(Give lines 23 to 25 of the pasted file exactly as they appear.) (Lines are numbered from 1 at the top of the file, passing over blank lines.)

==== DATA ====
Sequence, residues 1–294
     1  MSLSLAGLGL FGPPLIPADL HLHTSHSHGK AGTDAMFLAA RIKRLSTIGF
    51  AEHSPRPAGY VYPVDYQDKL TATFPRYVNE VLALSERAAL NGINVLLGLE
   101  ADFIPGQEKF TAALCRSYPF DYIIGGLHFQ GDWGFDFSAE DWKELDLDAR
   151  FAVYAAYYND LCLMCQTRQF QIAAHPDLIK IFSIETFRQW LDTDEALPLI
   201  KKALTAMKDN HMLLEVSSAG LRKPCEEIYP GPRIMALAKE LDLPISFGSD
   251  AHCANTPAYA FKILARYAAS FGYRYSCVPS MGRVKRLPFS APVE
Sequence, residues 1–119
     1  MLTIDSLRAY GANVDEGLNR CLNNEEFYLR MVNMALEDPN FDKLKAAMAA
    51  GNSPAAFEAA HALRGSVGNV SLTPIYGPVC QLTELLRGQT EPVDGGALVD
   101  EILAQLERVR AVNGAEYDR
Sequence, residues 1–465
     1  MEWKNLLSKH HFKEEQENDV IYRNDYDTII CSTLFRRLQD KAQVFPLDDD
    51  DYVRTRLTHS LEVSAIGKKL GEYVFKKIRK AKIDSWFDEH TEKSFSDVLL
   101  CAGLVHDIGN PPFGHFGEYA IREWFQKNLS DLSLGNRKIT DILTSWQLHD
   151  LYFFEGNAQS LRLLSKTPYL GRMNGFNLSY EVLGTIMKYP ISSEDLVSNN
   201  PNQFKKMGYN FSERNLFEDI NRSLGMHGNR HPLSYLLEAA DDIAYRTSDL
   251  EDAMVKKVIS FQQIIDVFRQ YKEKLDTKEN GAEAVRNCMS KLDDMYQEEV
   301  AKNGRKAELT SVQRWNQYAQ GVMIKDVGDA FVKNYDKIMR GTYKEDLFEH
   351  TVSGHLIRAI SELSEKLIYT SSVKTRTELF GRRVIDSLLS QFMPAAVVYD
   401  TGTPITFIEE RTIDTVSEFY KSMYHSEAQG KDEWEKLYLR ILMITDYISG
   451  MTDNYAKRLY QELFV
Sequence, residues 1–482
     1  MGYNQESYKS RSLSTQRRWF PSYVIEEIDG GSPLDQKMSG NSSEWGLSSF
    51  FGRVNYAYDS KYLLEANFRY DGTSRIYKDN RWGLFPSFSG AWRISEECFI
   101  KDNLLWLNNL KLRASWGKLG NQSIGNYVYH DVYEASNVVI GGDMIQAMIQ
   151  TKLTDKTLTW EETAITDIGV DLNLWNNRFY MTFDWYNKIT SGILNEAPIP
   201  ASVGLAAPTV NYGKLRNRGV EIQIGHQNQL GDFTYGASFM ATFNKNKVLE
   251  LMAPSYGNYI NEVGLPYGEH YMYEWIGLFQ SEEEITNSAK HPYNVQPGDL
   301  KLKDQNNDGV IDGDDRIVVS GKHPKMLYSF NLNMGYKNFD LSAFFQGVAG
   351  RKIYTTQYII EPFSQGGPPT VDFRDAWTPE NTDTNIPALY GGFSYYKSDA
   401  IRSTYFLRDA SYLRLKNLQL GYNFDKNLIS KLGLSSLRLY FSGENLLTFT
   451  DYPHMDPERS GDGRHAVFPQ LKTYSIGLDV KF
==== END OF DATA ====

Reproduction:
Sequence, residues 1–482
     1  MGYNQESYKS RSLSTQRRWF PSYVIEEIDG GSPLDQKMSG NSSEWGLSSF
    51  FGRVNYAYDS KYLLEANFRY DGTSRIYKDN RWGLFPSFSG AWRISEECFI